that, if Keene was in the market at all, he was raiding
the stock for a turn on the bear side. It is not ven-
turing too far to say that he had previously taken no
trouble to cover up his tracks, in order to create exactly
that impression.

What a Major Bull Swing Made Possible

But the McKinley boom in the broadening market
was well under way. Stocks were in that great swing,
so violently interrupted, but not terminated, by the


Northern Pacific corner and panic of the following
May. Nothing could have suited Keene better than
to have it believed that he was short of a "Standard
Oil stock." He admits to having sold all the stock
of the Rogers pool, at prices from ninety to ninety-
six, shortly before the advance to one hundred and
twenty-eight. That advance did not take place until
the middle of the following April, but early in March
the stock was already selling well above par. I
assumed, when writing in 1905, that Keene meant that
the $22,000,000 of stock was not credited to Rogers
and his friends at one average price, but perhaps in
a series of large blocks of stock averaging from ninety
to ninety-six, after allowing for the cost of manipula-
tion. Some of it was, of course, sold much higher,
but we have already seen that some of it was sold
below eighty-four.

Keene's Second Stage

Keene was not the man to press the market when
it was going his way, and there followed a period
where the stock was judiciously allowed to take care
of itself, with occasional stimulus to cultivate bullish
sentiment. Transactions were in relatively light vol-
ume. In the next period the extreme fluctuation was
less than five points, but it is noteworthy that the
higher figure was the prevailing price when we see
Keene's hand again:

Sales January 26th to February 23d. . 110,000

Fluctuation in that period 92^ to 87^

MANIPULATION 1 900- 1 229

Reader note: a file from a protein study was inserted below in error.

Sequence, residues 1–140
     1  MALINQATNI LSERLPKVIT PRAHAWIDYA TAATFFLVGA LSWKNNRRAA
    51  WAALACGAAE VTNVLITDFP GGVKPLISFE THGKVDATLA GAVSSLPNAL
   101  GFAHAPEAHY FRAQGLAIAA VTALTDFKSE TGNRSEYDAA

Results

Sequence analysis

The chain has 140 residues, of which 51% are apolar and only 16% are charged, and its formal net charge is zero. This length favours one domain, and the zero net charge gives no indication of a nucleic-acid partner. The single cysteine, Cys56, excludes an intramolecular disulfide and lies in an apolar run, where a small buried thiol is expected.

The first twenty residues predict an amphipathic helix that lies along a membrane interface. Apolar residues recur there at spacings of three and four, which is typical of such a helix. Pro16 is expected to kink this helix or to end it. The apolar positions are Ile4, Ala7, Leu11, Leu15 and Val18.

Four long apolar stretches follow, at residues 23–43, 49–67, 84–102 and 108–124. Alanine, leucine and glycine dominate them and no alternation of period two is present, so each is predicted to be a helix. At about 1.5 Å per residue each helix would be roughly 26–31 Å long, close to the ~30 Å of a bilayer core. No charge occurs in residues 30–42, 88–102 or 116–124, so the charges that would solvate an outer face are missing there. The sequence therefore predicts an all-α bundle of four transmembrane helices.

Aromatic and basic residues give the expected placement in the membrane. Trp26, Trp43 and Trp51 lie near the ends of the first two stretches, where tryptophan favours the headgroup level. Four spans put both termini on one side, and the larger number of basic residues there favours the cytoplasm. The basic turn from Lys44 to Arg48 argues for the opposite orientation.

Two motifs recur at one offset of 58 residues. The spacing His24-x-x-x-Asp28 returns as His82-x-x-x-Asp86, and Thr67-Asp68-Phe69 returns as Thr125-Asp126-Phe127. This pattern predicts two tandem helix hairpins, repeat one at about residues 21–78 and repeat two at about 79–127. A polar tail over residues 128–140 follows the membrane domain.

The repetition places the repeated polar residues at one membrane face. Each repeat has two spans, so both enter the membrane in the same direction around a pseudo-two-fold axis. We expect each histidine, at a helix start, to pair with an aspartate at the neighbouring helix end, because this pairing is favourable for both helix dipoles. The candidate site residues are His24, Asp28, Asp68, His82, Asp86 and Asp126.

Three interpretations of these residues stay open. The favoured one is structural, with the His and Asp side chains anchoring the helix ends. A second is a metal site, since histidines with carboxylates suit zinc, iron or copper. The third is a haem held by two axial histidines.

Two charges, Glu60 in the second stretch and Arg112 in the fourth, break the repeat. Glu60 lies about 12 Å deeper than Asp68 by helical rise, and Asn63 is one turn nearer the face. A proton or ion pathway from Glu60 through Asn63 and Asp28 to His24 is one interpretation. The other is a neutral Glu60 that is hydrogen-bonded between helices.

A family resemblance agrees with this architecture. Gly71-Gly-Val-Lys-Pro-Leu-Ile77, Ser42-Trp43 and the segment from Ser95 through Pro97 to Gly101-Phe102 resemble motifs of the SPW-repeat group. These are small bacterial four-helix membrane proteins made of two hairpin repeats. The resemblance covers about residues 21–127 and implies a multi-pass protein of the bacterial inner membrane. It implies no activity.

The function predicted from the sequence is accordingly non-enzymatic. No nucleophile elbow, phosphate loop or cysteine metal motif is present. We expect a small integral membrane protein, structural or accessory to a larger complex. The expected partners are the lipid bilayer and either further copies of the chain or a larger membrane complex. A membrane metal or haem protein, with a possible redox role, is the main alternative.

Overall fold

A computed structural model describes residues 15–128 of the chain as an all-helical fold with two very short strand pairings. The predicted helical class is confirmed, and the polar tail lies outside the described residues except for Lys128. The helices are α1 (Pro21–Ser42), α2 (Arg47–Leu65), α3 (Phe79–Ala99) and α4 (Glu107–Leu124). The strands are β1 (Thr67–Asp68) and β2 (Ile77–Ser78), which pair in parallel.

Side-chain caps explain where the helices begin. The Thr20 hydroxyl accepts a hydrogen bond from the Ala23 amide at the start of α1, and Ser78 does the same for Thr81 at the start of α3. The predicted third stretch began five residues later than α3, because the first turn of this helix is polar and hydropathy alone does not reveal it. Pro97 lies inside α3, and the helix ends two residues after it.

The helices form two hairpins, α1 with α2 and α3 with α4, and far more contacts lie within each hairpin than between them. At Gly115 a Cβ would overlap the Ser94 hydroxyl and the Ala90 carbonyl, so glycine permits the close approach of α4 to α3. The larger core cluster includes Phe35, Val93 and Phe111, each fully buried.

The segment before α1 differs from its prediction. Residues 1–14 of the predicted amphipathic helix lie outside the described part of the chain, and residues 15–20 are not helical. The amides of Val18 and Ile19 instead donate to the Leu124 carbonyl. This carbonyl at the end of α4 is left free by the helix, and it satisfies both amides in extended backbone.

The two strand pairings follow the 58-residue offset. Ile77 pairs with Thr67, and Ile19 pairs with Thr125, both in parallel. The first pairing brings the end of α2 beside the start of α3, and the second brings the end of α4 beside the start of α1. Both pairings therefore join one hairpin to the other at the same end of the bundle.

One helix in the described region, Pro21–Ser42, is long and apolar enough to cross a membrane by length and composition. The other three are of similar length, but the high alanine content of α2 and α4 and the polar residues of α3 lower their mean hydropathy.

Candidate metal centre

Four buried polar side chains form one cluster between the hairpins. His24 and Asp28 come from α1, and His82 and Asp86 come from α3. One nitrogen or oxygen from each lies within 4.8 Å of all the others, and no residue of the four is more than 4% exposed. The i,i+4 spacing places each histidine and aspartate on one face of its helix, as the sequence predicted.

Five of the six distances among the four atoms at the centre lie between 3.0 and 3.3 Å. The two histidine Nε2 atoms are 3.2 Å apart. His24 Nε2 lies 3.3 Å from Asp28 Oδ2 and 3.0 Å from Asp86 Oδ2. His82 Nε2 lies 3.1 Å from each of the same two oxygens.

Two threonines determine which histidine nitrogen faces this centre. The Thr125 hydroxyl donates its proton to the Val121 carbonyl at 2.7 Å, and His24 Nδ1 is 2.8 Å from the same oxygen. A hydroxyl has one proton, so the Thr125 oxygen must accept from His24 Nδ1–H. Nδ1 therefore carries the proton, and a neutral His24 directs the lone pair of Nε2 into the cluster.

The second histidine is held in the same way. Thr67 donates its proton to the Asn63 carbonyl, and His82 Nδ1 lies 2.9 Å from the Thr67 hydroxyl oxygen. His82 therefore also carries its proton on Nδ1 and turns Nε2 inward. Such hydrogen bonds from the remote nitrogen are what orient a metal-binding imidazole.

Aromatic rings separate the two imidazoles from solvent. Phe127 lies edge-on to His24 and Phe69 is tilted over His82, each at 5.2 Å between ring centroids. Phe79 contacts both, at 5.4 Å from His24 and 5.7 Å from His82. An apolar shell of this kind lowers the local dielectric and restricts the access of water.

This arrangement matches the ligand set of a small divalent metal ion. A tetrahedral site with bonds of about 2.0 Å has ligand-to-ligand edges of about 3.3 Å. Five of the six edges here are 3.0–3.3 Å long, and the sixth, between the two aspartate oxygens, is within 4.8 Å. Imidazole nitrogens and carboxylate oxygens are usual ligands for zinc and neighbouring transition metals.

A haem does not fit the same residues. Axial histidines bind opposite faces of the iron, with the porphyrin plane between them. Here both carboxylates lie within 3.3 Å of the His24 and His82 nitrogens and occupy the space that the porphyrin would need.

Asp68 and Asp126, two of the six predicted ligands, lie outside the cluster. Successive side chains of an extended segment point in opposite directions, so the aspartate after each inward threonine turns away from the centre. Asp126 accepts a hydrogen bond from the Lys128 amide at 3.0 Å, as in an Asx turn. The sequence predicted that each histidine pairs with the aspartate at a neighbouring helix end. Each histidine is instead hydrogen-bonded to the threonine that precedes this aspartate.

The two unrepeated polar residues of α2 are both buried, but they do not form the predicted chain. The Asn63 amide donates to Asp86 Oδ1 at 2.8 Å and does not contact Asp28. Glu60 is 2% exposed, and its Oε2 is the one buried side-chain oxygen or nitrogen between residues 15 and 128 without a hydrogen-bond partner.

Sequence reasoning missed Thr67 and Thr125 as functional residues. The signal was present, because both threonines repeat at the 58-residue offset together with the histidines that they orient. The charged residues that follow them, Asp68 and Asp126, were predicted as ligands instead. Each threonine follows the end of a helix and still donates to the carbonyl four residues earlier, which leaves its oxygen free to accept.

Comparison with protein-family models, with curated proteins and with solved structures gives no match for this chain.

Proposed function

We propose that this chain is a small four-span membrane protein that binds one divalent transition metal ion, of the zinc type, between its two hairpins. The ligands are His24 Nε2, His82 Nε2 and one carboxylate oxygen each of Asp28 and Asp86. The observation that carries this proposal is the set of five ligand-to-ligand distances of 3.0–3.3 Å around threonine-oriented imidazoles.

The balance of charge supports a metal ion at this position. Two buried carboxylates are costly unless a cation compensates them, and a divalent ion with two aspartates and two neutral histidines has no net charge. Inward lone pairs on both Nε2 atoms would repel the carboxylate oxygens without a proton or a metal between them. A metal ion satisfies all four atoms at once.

In this quiet period of a month he may have sold
some real stock but certainly never forced it on the
market. It is difficult to say how many shares he actu-
ally dealt in that he might distribute so large a quan-
tity. It was possibly ultimately three times the stock
he had to sell. In the early stages he was employing
brokers on both sides of the market, even if they did
not know that they were executing matched orders.
That was, and is, against the Stock Exchange rules,
and we can afford, at this distance of time, to give them
the benefit of the doubt. As the market improved,
manipulation of that kind probably grew less, and of
course as the public took hold it disappeared

Keene's Final Distribution

What may be called the third movement shows the
final distribution of the stock:

Opening price February 28th 92^

Sales February 28th to April 3d 780,000

Fluctuation in that period from 92 to 103 J4

Closing price April 3d 100^

It is in this period that Keene probably distributed
the bulk of his two hundred and twenty thousand
shares. He admitted that much to me, and was never
satisfied with my answer to his question as to how I

It is one of the discreditable facts of that period
that throughout this trading Amalgamated Copper
was practically on an 8 per cent basis. It was declar-


ing i y-2. per cent quarterly, with a half per cent extra ;
and its directors, with that extraordinary fatuity for
which the public ultimately paid, were convinced that
they could hold up the world price of the metal in-
definitely. One of the items of gossip in the early
part of the Keene movement was to the effect that the
decline of the metal in London, then and now the
world's free market for copper, had at last been
checked effectually. It was not so. But it was as near
the truth as any of the rumors of that curious time.
It was some years before the competing copper mag-
nate, Augustus Heinze, reached a settlement with the
Amalgamated Copper people, but such a settlement
was among the rumors then exploited, and one of the
principal bull arguments.

The Public's Own Boom

As a net result of the manipulation here detailed
Keene had, in the first fortnight of April, 1901, created
a market for the stock which may well have surprised
himself. It was at least twice as broad as it had been
in February or March, with daily transactions amount-
ing to two hundred and fourteen thousand shares in
one case, and to almost as much on several other days
during that month. It should be compared with the
record, during Keene's activities, of seventy-seven
thousand shares on March 6th, with an extreme fluc-
tuation of nearly three points.

It may be taken that the subsequent trading showed
all obstacles removed from the stock's pathway to
the top:

MANIPULATION 1 9 oo- 1 23 1

Sales from April 4th to April i6th. . 1,275,000

Advance in price from ioij^ to 128%

The stock of the Rogers pool had been marketed
and, indeed, greedily eaten up in the enthusiasm of a
general bull market.

Their Own Gold Brick

It is a humiliating exhibit in the indictment of
human nature that the "insiders" who had called in